As I was traipsing through the Internet the other day, I stumbled upon a blog titled "Housing Panic," where I read an interesting post. The writer asked for anyone's thoughts on this question:

"Anyone thinking of cashing in stocks, bonds, 401(k)s, etc to pay off your mortgage instead? Say you have $200,000 in disposable financial assets, and a $200,000 mortgage. What do you do? . My goal -- rent 'til this sucker blows over, then buy my next house for cash. No more mortgages for me ..."

It's a question that many of us can relate to -- perhaps especially those who have already paid off a big chunk of their mortgage. Those with new mortgages might highly value the tax-deductibility of mortgage interest, but as your mortgage ages, you'll be paying less in interest and more against your principal.

So back to the question. Many readers responded, including one woman who said: "This is a really hot topic in my household, because my husband and I are in just such a position. The balance on our (15 year, 4.75%) mortgage is around $139,000, and we have about $350,000 in stocks and bonds (with another $80K in retirement accounts)." Opinions varied, with some people preferring to pay off the mortgage and others to keep it.

My own answer would be that for most people, it's smart to keep the mortgage. There's that deductible mortgage interest, for one thing. And then there's the low interest rate that most of us, by now, should enjoy. When your rate is low, such as 5% or 6% or even 7%, you can compare that with what you'd make in the stock market over the long haul, and stocks will generally win out. For example, if you have $5,000 in your pocket and a 5% mortgage, you can opt to put that money toward your mortgage, thereby avoiding spending 5% in interest on a chunk of your loan -- or you can plunk it into the stock market and expect to earn between, say, 6% and 12%, annually, on average, over the next many years. (The stock market's average is around 10% per year, on average, but in any several-decade-long period, it can vary considerably.)

I'd also point out that if you sold most of your stocks and funds and bonds in order to own your home free and clear, you'd better hope that your home's value doesn't go down. And then imagine that some emergency develops and you need to tap some fast cash. If you haven't any stocks to sell, you might need to take out a home equity loan. That's not such an odious option right now, but remember that interest rates have been creeping up. If they keep doing so, you might end up having to borrow money at 10% -- perhaps, at that point, paying more in interest than you're making in the stock market.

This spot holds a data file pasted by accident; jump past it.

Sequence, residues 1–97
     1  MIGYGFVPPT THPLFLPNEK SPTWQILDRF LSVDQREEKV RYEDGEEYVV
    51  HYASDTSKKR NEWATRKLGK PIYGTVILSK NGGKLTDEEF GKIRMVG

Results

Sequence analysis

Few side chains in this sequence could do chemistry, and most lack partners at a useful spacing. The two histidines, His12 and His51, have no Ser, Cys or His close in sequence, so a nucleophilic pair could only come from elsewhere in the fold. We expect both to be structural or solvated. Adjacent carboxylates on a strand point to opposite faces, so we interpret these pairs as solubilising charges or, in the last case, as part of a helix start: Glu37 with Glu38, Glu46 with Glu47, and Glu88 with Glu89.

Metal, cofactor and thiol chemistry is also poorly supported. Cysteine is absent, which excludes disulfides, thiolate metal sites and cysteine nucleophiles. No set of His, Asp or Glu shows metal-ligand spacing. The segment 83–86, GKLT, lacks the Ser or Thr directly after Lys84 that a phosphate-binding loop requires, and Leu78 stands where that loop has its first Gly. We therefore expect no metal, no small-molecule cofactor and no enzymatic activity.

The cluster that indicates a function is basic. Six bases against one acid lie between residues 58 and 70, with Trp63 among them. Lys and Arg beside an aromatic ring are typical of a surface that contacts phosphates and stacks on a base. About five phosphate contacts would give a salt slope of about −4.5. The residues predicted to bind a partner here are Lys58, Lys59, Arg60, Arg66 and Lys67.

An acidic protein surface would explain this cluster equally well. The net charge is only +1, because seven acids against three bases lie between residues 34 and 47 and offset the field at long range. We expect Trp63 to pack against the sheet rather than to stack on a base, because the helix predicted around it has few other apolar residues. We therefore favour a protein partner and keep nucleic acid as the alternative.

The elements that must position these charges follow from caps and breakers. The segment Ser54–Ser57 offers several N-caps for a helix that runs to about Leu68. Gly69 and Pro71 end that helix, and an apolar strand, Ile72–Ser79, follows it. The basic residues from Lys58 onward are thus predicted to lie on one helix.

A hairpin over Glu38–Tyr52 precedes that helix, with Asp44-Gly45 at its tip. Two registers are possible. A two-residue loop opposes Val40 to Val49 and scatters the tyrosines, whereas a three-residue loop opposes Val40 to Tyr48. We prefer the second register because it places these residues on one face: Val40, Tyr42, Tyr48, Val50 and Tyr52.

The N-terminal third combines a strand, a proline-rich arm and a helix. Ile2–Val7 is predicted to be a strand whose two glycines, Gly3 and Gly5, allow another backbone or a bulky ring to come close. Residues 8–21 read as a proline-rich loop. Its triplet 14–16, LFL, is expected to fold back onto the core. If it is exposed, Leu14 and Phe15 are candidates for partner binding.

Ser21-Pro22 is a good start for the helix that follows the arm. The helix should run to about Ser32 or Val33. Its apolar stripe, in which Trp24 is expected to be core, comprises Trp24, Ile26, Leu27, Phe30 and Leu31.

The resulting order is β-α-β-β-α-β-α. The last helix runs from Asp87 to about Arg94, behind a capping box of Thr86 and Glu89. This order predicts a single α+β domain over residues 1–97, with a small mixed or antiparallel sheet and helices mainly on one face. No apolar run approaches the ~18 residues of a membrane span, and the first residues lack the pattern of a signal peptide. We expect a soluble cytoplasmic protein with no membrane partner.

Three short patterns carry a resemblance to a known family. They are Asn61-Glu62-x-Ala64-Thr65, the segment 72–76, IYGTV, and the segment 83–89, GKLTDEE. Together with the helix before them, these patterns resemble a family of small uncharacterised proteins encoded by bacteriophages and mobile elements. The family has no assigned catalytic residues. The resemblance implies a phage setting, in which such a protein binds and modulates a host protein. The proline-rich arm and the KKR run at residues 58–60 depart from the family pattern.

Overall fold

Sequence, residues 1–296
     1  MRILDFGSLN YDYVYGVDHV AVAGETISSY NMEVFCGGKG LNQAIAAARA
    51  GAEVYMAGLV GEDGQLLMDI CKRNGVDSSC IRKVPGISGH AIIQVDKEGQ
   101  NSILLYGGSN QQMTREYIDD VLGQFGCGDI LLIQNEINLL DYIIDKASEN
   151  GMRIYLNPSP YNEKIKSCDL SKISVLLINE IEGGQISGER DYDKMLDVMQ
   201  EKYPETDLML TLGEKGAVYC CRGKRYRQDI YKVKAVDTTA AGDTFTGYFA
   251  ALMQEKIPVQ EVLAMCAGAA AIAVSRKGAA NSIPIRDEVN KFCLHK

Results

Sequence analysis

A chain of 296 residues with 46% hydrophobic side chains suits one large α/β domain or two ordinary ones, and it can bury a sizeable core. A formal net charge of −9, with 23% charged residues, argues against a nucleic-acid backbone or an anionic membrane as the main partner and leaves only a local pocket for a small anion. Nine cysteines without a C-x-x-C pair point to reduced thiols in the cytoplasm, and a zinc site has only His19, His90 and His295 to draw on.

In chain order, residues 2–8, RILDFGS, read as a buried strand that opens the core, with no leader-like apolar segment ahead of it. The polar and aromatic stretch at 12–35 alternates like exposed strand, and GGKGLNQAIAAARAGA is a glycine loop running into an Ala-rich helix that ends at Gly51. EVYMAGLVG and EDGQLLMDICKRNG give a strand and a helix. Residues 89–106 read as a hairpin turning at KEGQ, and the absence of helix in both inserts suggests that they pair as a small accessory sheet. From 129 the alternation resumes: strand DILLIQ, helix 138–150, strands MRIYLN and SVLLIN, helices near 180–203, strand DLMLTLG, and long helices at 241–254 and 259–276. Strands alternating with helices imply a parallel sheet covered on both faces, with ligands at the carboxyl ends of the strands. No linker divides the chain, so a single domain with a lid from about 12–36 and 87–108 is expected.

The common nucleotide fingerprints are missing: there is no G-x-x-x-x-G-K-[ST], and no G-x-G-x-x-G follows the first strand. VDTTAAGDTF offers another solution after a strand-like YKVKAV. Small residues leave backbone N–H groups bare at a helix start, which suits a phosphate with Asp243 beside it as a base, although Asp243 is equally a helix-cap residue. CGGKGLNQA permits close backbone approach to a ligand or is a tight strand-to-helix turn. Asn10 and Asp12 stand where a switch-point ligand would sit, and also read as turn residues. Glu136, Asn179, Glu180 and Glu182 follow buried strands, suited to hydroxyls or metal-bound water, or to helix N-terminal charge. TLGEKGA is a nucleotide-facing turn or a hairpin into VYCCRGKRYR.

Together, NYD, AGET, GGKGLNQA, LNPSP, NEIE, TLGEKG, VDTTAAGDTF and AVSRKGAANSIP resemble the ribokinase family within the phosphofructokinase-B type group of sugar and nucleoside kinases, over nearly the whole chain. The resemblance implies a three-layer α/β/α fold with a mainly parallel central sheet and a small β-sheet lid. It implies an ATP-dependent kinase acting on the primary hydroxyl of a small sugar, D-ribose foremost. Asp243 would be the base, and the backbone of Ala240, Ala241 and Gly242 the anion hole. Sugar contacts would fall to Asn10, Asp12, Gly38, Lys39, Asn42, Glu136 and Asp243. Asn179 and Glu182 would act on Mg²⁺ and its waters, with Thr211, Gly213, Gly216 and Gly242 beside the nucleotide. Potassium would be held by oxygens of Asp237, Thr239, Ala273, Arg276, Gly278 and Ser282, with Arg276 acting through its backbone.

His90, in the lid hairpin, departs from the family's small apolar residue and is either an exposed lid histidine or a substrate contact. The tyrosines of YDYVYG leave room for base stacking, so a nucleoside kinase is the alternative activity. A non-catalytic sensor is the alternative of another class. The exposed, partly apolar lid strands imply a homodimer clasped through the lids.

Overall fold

And finally, think hard about where your money is right now. If you're enjoying significant dividend yields from established, fairly stable companies, then that's a very reliable income stream, one that will grow as companies hike their dividends over time. Your home's value may drop. And even if it keeps rising, it might not do so as quickly as your stocks, funds, and dividends do.

If you're interested in home-buying and home-owning issues, visit our Home Center, which features lots of money-saving tips and even some special mortgage rates.

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And if you're in the market for a mortgage, another way to inform yourself about options is to spend some time at the websites of lenders. Here are some biggies:

  • Capital One (NYSE:COF)
  • Washington Mutual (NYSE:WM)
  • Wachovia (NYSE:WB)
  • Countrywide Financial (NYSE:CFC)
  • National City (NYSE:NCC)
  • Bank of New York (NYSE:BK)
  • Wells Fargo (NYSE:WFC)

Longtime Fool contributor Selena Maranjian does not own shares of any companies mentioned in this article.